April 1, 2012
Günter Baby Sommer
Jazz Werkstatt JW 101
André Goudbeek/Peter Jacquemyn/Lê Quan Ninh
NotTwo MW 859-2
Putting to rest – perhaps permanently –the old saw that Jazz is a young man’s game, are these two exceptional trio sessions. Each of them feature musicians, who, with the exception of Belgian bassist Peter Jacquemyn, who is 49 and counting, features musicians who will never see 50 again, let alone 20. At the same time each set reaches its sonic zenith in a different way. Uwaga is an unbridled exercise in super-intense Energy Music while Melting Game encompasses 10 compositions which refer as much to the ongoing Jazz tradition as futuristic experimentation.
Showing improvised music’s universality six countries are represented by the same number of players. Veteran percussionist Günter Baby Sommer, 68, is an (East) German, who has played for years with pianist Ulrich Gumpert. On the same CD, bassist Akira Ando, 56, who has worked with everyone from pianist DD Jackson to saxophonist Thomas Borgmann, is Japanese; while Floros Floridis, who is reticent about revealing his age, but has been improvising since the 1980s, most notably with the late bassist Peter Kowald, is Greek. Meanwhile on Uwaga, reedist André Goudbeek, 65, best-known for his stint with the Willem Breuker Kollektief, is Dutch; percussionist Lê Quan Ninh, 51, who has played with just about every experimental musician in the notated and improv world is French; and there’s Jacquemyn, whose playing partners have ranged from clarinetist Theo Jörgensmann to pianist Fred Van Hove.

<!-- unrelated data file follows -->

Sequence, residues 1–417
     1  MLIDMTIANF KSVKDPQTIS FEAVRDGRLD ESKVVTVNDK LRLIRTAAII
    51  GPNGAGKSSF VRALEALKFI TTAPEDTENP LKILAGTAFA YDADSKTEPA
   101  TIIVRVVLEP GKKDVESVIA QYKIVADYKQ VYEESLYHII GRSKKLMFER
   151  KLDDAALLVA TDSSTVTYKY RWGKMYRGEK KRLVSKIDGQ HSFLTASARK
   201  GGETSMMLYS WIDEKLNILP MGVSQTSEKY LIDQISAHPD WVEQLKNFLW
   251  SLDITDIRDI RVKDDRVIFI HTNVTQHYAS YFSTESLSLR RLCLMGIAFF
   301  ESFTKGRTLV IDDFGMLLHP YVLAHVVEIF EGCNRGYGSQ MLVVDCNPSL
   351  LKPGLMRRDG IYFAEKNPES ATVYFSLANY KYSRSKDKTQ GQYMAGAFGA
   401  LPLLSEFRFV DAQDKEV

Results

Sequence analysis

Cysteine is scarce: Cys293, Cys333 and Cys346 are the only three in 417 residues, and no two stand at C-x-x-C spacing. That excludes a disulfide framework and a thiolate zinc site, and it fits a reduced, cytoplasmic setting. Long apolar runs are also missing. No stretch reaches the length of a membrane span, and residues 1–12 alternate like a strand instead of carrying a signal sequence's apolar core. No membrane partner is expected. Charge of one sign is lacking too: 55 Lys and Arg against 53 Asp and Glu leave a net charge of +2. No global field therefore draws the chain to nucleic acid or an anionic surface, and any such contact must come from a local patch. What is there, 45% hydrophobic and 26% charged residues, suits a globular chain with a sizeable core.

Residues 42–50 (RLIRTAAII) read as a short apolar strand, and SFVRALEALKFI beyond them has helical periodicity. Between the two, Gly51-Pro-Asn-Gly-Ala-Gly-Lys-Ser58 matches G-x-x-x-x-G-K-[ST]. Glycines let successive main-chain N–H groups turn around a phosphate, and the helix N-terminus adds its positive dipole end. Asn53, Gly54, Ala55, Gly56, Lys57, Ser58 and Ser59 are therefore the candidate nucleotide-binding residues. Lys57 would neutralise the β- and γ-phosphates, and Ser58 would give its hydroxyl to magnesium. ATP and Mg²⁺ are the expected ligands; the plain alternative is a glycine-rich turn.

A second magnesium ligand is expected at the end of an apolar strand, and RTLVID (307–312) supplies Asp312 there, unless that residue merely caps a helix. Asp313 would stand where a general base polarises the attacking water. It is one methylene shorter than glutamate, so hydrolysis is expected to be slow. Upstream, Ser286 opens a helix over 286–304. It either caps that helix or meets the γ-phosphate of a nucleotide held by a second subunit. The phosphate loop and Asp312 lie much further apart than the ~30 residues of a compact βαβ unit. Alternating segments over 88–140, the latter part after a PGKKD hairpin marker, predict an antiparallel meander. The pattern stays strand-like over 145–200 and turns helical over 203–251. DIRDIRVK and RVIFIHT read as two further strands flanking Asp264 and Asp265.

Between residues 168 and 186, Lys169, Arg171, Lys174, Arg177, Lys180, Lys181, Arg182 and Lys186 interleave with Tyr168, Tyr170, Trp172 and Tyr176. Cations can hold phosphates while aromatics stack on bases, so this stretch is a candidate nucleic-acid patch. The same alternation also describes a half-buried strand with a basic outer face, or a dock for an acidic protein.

From a Cracow concert, the 44-minute-plus rendition of “Attention” is the defining performance on the Goudbeek/Jacquemyn/Ninh disc. It’s built up from the top with high-pitched, jittery split tones, plus emphasized growls, tongue flutters and hockets from the saxophonist; string smacks, scrubs and spiccato stretches from the bassist; plus cymbal rubs, clip-clops and drum top squeaks from the percussionist.
As the piece evolves, the interface breaks into tandem duo work, trio communication and solo spots, often a capella. Each trope exposes many textures. At times Jacquemyn’s strokes become more agitated and sul ponticello moving the vector, sometimes meeting the lion’s roar of thunder-sheet shaking from Ninh. Elsewhere his pacing is mellower, bringing out his strings’ low-pitched undertones and just as importantly preventing the trio from figuratively blasting off into outer space. For his part the percussionist reveals a magician’s cupboard full of unexpected sound extensions. There are ratchets, drags, whacks and shrills that resemble a fire alarm; others which create alarm clock-like reverberating ticking; and other beats which demonstrate more variety among rim shots than most drummers produce. As for Goudbeek, sometimes his bass clarinet’s chalumeau register tones create an undulating curtain of intense vibrato, the better to join Jacquemyn’s low-pitched bass-string stretching. Other times, spurred by the bassist’s frenetic vocalizing and juddering bow-angling, Goudbeek’s tongue slaps, strained glossolalia and pressurized throat roughage, go far beyond any saxophone’s expected range. The complicated coda matches walking string pumps from the bassist with a series of descending pants from the reedist like those heard from a dog after a hearty run.